Knives general info

KNIVES – Basically there are two different materials for knives, steel and ceramic.

Ceramic knives, usually white in colour, are made from similar clay to porcelain.

This material makes for a very rigid blade which will snap if bent too far. However, it does give a glass-hard, super-sharp cutting edge which will keep sharp for many years,  outlasting  any metal blade I know of. The trade-off here is in the hardness. You cannot use this type of knife for heavy chopping of bones or wood.  It will just chip the blade, which is almost impossible to repair and destroy an expensive knife.  For sharpening, these knives would probably need returning to the manufacturer, or some kind of diamond coated abrasive. You should expect a ceramic knife to keep its edge for many years

Some manufactures have reduced manufacturing cost by making blades of ceramic-coated steel which gains the strength advantages of steel but after the paper-thin ceramic coating is worn away you are left with a steel blade.

Steel knives are the most durable.  There are many types of steel but they divide into two main groups, Stainless and Non-stainless or what is known as Carbon steel.  Knives made from non-stainless steel tend to be cheaper and need a lot more care.

GRINDS – Knives with thicker steel blades tend to be hollow-ground.  This can give a very thin edge, which is good for cutting as it lets air into the cut, creating less friction, so that the material doesn’t stick to it so easily.  Also, if the blade if narrow, the best way to get a fine edge is to choose one which is hollow-ground.  It is also easier to resharpen.In cross-section, a hollow-ground blade is concave, curving inwards, not wedge-shaped, like a flat-ground knife, which can be difficult to edge.

Commercially, hunting and skinning knives are often hollow-ground because they tend to be made from thicker steel but the drawback here is that the edge can break from heavy chopping.     The other common type of grind is the flat-grind.  This gives a wedge-shaped edge like an axe, which works very well on wide blades such as kitchen knives and on thinner section steels such as boning knives.

It is not so common in hunting knives and tends to be more difficult to resharpen as the knife gets worn.  For this reason it is only used on steels of 4mm thickness or less.  As the edge wears, it obviously gets thicker the further up the blade you get.  The steel tapers from the point to the guard of the knife, as well as from the top to the cutting edge.

Incidentally, most old swords are flat-ground for the purposes of strength.     There is a lot of talk about edge angles.  Basically, the wider the angle, say 15,degrees the more the edge is suited to heavy work.  The thinner the angle, say 5, the better it is for fine cutting.  In other words, the difference between a cleaver and a razor- blade.

SHARPENING – There are a lot of different tools for sharpening knives.  Some work well, others are desporate.  The edge-holding on the wide angle edges lasts longer but they are harder to sharpen and, as I’ve said, don’t cut as finely because of the friction.

A good oilstone is one of the best and easiest ways to edge a knife.  Arkansaw is a good make.  There are other artificial stones available.  Lansky and Spyderco are good and for some steels that are very hard and tough, the artificial diamond-coated stones are great.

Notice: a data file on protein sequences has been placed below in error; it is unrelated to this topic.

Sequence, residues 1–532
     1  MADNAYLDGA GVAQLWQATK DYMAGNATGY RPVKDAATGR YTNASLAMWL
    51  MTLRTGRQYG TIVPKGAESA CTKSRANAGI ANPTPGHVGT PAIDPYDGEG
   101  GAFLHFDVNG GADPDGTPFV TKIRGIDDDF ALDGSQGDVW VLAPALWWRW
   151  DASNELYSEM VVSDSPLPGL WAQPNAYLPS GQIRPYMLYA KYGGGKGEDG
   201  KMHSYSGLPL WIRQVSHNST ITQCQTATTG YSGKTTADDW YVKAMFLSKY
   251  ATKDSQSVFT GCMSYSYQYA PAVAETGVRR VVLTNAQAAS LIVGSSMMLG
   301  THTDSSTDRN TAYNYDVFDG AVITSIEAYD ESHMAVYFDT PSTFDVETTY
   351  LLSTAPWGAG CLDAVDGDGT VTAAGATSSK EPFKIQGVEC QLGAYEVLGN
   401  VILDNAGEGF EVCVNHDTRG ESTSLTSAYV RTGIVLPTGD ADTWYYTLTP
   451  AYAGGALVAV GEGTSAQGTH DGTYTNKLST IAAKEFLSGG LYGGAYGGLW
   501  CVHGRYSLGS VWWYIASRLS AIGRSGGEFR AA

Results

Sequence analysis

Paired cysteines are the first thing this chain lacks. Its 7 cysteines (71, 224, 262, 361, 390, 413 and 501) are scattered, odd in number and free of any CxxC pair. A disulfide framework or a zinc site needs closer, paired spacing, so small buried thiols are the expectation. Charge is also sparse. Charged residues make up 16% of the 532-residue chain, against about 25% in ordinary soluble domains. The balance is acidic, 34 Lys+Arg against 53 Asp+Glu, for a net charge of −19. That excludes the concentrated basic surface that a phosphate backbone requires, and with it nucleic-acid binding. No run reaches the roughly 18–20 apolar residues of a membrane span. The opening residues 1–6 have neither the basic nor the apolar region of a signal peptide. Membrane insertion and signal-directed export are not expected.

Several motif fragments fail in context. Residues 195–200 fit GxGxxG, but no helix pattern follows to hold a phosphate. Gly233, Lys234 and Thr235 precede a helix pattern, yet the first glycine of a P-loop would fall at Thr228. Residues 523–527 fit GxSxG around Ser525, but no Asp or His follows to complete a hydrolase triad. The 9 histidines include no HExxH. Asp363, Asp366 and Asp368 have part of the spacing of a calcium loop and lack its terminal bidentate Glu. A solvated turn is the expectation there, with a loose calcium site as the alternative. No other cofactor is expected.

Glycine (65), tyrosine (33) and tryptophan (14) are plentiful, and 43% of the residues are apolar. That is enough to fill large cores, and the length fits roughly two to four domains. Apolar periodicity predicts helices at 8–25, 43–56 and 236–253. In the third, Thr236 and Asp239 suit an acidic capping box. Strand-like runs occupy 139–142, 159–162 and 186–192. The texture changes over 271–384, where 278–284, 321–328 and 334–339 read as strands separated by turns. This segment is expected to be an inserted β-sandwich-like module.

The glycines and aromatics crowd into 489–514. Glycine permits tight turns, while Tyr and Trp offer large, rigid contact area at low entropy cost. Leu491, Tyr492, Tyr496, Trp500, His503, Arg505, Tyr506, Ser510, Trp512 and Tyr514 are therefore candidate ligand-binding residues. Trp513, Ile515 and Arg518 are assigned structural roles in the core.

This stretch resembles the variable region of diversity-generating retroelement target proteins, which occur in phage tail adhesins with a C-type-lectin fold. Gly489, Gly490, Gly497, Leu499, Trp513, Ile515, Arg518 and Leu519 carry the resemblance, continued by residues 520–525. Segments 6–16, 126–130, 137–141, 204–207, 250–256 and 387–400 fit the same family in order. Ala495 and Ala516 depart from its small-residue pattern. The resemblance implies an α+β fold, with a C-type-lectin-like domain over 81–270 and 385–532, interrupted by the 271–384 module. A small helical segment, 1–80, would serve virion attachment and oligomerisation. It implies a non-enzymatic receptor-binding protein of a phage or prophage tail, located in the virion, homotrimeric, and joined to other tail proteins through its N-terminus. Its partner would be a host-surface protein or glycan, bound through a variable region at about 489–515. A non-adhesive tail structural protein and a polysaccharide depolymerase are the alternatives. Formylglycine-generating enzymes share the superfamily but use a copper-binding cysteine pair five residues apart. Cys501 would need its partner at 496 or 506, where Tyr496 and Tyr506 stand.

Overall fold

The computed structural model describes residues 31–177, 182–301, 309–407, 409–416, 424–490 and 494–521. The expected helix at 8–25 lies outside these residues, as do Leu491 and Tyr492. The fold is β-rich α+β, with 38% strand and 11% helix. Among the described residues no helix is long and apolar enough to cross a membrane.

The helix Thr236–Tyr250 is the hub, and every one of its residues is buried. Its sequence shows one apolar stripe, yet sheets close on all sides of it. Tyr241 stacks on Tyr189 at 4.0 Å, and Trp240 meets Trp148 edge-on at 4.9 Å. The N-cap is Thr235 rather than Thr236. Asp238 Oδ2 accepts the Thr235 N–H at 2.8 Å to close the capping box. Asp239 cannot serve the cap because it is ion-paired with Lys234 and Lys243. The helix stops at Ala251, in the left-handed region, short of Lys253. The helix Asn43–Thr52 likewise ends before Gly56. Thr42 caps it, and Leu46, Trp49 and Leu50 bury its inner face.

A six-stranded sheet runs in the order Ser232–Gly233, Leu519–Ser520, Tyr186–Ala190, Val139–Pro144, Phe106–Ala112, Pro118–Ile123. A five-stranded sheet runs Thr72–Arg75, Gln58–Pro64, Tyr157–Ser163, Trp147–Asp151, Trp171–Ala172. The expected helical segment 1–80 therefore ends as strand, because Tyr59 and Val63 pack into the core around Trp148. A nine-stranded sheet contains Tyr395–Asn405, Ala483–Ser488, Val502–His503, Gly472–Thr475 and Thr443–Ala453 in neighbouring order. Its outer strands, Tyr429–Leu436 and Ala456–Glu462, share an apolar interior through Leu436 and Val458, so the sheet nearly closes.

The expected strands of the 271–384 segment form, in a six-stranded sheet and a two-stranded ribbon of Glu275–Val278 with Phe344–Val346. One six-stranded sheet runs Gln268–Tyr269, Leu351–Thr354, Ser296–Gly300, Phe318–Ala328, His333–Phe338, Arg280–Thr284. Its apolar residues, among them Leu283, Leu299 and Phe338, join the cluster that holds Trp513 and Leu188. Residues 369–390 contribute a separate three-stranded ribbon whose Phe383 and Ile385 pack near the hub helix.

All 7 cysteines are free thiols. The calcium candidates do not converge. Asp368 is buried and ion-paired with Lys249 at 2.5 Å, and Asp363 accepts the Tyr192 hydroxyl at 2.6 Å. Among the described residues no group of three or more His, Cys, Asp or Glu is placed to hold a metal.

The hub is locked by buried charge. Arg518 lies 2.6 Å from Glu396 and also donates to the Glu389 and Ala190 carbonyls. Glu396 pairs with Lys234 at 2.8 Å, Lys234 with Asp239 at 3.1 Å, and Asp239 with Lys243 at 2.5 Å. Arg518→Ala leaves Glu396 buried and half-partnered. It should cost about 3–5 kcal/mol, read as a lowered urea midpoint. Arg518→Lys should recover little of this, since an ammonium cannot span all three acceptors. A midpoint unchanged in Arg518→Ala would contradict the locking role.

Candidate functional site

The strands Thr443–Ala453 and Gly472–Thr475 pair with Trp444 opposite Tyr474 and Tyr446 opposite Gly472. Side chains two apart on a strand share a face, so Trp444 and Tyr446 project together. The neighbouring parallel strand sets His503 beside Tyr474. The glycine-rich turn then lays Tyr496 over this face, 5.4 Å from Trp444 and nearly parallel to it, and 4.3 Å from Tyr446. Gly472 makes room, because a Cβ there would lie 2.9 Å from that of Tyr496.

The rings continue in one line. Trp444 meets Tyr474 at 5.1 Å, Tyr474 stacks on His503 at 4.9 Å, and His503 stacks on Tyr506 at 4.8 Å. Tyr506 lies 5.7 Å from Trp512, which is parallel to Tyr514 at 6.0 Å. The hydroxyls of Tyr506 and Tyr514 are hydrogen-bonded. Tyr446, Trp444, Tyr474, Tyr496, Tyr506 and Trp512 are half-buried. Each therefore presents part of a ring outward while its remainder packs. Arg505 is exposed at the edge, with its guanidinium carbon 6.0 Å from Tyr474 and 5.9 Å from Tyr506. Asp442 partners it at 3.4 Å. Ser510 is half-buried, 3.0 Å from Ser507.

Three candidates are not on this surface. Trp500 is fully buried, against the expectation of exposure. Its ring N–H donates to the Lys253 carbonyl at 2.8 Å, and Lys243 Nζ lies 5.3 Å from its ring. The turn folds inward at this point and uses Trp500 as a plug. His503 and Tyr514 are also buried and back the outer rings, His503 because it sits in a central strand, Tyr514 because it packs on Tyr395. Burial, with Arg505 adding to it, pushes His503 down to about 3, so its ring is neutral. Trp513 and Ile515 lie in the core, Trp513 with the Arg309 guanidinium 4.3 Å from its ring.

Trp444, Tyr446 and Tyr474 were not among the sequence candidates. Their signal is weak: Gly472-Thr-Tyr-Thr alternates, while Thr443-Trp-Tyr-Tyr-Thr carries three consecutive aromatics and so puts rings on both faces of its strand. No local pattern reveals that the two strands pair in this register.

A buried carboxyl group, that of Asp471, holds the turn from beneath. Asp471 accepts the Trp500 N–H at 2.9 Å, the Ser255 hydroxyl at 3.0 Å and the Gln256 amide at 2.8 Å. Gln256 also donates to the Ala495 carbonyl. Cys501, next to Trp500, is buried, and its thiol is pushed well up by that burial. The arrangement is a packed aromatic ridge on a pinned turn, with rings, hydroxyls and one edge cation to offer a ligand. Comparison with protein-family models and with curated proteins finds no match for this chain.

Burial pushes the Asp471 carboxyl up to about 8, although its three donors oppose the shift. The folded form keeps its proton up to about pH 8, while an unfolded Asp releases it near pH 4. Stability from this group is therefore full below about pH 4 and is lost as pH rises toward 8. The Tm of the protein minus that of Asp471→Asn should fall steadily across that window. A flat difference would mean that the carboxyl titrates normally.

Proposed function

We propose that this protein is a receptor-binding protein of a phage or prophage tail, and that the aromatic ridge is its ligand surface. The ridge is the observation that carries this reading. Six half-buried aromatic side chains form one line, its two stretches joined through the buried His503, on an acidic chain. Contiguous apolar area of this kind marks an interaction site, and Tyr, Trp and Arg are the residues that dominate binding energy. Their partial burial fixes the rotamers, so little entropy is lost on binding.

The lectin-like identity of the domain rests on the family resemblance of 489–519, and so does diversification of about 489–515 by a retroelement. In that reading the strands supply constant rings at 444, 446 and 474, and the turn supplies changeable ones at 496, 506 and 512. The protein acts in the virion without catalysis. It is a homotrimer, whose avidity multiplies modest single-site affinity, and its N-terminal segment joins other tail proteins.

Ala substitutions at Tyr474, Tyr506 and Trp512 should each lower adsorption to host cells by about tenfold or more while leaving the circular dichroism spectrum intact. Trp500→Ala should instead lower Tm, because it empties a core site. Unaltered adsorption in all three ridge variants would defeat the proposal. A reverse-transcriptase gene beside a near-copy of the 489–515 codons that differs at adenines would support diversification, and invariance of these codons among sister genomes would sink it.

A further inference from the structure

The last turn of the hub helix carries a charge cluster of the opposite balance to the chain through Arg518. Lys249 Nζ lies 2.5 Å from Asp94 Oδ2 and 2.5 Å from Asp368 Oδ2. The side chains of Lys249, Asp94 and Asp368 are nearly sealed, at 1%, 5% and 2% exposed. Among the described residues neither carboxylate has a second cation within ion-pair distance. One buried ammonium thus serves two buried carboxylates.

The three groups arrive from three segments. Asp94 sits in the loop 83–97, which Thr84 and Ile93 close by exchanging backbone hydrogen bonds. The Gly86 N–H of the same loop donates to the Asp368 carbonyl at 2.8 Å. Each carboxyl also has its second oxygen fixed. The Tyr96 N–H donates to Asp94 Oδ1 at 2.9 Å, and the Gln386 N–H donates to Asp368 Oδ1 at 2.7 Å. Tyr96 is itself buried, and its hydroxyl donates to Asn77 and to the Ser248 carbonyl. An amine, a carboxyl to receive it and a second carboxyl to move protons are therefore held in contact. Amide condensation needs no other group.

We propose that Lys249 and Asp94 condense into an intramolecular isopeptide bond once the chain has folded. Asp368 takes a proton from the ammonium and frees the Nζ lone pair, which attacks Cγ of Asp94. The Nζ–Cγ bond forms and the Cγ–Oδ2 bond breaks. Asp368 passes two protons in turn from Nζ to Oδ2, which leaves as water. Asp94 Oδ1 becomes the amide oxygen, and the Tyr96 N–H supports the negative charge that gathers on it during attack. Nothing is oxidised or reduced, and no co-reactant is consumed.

To sharpen any knife, you start by putting a bevel on each side of the blade, that is, an angle, which in cross-section looks like a small triangle.  The apex of the triangle is where the knife does its cutting.

When you sharpen a knife, you are sharpening the angles on each side of the bevel, which makes a little burr of metal from your sharpening along the cutting edge.  This is called a wire edge.  You can get rid of it by either stropping the edge or polishing it on a wheel, which gives it a smooth, razor-sharp finish, such as is used for surgical instruments.  However, the wire edge, being a bit rougher is much better for cutting anything wet and is rather easier to re sharpen.  It only needs a couple of rubs to make it stand up again.

Another thing that affects the edge of a knife is the hardness of the steel.  What you are looking for is a hardness of 60RCS.  This does make for a hard steel but if the metal is of good quality, it won’t make a huge difference to its tensile strength.  On some of the better-quality hunting knives you will often see the Rockwell mark, which is a little dent on the ricasso.  The ricasso is the flat area just in front of the guard or bolster.

HANDLES –  These days you can choose from many kinds of handle, metal, resin-based (like Micarta and Tufnol), wood such as ebony and rosewood and horn,  fossil ivory or stag horn.  It is a good idea to consider how much you are going to use the knife and for what purposes.  Wood can be just fine if well-seasoned. Resin-based materials are excellent for hard use.

Knives in particular kitchen knives also come with a textured stainless steel handles and often appear to be made of one piece of metal in fact the handles are often welded on to the blade and while this makes for a knife which is very easy to clean the welding process can effect the blade steel this becomes apparent only after some years of use. What you see are little black specks ( carbide drop out) running down the weld area on closer inspection they can be seen to be square in shape and can weaken this high stress area of the knife.

Leave a Reply